RVA Dance Collective Presents: VOICES
A Dance Pre-Review by Julinda D. Lewis
At: Dogtown Dance Theatre, 109 W. 15th St., RVA 23224
Performances: April 13 & 14, 2018 at 7:00pm
Ticket Prices: $20 Adults; $10 Students & Children under 13
Info: (804) 230-8780 or rvadancecollective.com or dogtowndancetheatre.com
[NOTE: Due to out-of-town obligations, I could not attend the weekend performance of RVA Dance Collective, so before leaving, I attended part of the dress rehearsal on Thursday, April 12.]
It wasn’t until I spoke with Artistic Director Jess Burgess that I realized the dancers in Mondrian in Frame were all students – specifically, advanced students from The Dance Company in Mechanicsville. The eight dancers were dressed in solid red, blue, or black attire that can best be described as classic swimsuits which seemed appropriate since their movements, while intentionally not all in unison all the time, reminded me of a synchronized swim team. Athletics, gymnastics, and competition all came to mind fleetingly as the dancers performed a series of lifts and splits and standing stretches punctuated by cartwheels and body rolls. At one point some dancers would crouch as if spotting the others, and in the midst of the piece they formed a classic chorus line formation and created a wave or ripple effect, further reinforcing the swimming reference. But then there were the three larger-than-life-sized frames they moved around the stage and moved in, around, and through, as if to prove to us that dance is, indeed a three-dimensional art form.
Lloverá, also choreographed by Burgess, is a duet for Jasmine Tubach and Desmin Taylor (the company’s only male dancer). Mostly romantic, the physicality of the piece is driven in part by the physical shape of the choreography but equally by the disparity in size of the two dancers: Tubach is quite petite, and Taylor is very tall. This physical opposition is mirrored in the give and take, the tension of the movement and the feelings that flash across the dancers’ faces and lingers in their touches, Memorable moments include a section where she lies spooned atop her partner, and he cups her head and turns it in sync with his own, and later he rests lightly atop her, his head cradled in the curve of her torso. She runs and he follows. But there were also odd moments, as when Taylor spins Tubach around, holding her by her knees while her head is mere inches from the floor, and later when he drags her across the stage. The two seem suspended in time, but at the end she walks away with a gentle but firm gesture, as if to say, stop, stay. The dancers’ lines are mostly classic, almost balletic, but the shapes are designed, Burgess said, to mimic the shape of rain drops. Lloverá is Spanish for “it’s gonna rain.”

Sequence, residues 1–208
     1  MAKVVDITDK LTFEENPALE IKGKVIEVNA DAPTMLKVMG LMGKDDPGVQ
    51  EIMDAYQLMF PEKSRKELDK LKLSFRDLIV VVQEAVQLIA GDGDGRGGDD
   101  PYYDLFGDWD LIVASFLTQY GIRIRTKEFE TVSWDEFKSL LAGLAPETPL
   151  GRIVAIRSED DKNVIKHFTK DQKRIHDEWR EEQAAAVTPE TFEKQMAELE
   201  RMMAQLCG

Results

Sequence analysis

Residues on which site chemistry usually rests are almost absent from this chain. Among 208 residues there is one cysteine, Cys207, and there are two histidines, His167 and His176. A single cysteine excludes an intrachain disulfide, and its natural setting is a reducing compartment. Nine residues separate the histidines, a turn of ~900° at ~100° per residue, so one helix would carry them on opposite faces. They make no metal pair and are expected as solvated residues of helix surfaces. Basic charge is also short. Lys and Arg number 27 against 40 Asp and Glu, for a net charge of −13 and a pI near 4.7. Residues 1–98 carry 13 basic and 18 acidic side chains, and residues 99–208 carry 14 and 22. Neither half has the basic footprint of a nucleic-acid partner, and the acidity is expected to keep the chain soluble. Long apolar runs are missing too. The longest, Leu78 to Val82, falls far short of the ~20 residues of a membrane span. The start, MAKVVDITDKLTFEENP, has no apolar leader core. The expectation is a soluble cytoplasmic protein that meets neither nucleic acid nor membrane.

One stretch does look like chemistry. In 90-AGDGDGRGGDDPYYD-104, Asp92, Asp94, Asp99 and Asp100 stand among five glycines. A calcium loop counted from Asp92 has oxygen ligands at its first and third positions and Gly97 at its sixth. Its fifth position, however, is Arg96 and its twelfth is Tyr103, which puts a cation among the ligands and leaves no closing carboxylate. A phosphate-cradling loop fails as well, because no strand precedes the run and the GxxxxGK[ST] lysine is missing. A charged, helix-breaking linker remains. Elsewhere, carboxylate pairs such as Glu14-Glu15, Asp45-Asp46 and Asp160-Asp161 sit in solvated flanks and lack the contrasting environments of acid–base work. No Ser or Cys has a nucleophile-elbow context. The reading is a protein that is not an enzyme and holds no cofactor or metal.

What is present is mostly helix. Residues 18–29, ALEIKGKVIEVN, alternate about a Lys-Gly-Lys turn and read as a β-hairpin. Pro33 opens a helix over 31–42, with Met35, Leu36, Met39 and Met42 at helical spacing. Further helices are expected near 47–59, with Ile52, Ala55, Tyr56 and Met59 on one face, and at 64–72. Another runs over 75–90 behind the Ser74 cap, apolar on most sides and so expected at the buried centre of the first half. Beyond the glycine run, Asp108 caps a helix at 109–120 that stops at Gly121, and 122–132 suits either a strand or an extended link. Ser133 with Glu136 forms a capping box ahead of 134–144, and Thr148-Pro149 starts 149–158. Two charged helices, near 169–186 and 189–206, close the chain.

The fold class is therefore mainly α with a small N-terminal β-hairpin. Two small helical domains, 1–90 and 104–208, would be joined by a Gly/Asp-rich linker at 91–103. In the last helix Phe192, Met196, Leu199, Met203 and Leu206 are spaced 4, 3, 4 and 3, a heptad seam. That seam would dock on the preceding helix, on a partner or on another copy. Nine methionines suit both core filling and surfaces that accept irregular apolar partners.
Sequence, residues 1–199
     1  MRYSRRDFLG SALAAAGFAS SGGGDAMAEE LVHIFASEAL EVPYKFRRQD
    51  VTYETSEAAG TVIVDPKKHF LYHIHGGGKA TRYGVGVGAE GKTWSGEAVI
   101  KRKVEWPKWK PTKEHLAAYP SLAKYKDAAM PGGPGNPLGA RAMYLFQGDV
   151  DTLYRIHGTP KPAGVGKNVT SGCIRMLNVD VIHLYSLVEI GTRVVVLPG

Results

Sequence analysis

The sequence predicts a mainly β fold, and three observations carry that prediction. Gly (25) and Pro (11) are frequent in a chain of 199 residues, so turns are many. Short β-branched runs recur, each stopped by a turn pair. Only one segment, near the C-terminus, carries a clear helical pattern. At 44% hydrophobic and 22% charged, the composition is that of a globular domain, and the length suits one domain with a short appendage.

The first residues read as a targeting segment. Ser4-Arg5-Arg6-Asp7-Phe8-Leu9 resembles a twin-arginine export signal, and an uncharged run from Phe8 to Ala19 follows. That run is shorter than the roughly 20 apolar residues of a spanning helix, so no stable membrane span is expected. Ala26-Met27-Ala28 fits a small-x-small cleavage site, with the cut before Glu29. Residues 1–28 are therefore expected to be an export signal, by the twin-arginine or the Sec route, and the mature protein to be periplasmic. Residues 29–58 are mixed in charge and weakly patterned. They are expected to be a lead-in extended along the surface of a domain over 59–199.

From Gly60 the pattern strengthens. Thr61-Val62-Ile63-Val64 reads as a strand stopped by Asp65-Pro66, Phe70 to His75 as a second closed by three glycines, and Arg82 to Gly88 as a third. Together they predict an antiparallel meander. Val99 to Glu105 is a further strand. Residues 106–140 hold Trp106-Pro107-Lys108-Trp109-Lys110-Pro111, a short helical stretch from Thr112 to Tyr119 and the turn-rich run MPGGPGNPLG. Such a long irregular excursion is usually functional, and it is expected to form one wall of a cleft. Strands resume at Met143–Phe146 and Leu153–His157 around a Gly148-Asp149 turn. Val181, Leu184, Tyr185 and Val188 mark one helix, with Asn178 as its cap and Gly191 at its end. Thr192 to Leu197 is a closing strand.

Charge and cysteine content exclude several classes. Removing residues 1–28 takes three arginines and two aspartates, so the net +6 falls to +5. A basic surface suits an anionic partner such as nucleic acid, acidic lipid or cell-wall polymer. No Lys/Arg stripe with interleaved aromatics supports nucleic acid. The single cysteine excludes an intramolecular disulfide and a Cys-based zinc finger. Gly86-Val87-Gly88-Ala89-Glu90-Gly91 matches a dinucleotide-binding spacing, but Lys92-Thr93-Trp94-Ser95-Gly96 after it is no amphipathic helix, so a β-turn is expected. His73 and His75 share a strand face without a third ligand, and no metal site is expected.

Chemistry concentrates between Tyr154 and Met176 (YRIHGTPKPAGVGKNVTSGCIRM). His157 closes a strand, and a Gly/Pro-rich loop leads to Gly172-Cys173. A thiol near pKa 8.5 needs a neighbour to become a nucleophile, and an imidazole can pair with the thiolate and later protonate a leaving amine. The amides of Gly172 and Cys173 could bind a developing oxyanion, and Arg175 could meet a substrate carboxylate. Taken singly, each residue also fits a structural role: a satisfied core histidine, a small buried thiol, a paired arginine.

The final piece, Continuum, is a group work, also by Burgess, that has the dancers moving downstage on a diagonal, emerging from a cloud of smoke or fog. Some run, some walk slowly, but all pass, occasionally interacting with, a hooded figure who starts out lying on the floor. As the dance progresses, the eye is caught by the variety of interactions – or distractions. Some fall, some lift others in a fireman’s carry, some nearly step on the prone figure, passing by seemingly without looking, and occasionally a dancer or two or three will whip out a lightning fast turn in the air. But without exception, as all move out of the cloud, they seem determined to return the one dancer to the darkness; at the end, hood thrown back, she is the only one left standing.
The program also includes two additional works by Burgess: a restaging of her trio, To Care (Like You) and a solo, Fractured Light, in which dancer Carrie Moore dances with her own shadow. There is also a work by Brooklyn-based choreographer Shannon Hummel (Cora Dance) – a full company work called In Passing; as well as Heartbeat, a solo by Schannon Hester (Pole Pressure) who competed in the world pole competition in Greece in the fall of 2017; a work by company member Katy McCormack, Fear of Being; and a new work commissioned from Richmond-based choreographer LaWanda Raines, Trilogy of Womanhood.
During the dress rehearsal, I was able to see each work twice, which presented a rare opportunity not available during a performance to re-see movement, and to discover or consider nuances that were not apparent or missed the first time. The dancers’ energy and attitude, the costuming, the lights, music, even the fog – which, on the final take, set off a fire alarm – all showed growth and artistic development even over a short period of time. Jess Burgess is Co-Artistic Director and Founder of RVA Dance Collective along with Danica Kalemdaroglu, and with this program, “Voices,” the company seems to be reaching for new inspiration and challenging the dancers and choreographers to be more and do more.
Julinda D. Lewis is a dancer, teacher, and writer who was born in Brooklyn, NY and now lives in Eastern Henrico County.
Photo Credits: Mike Keeling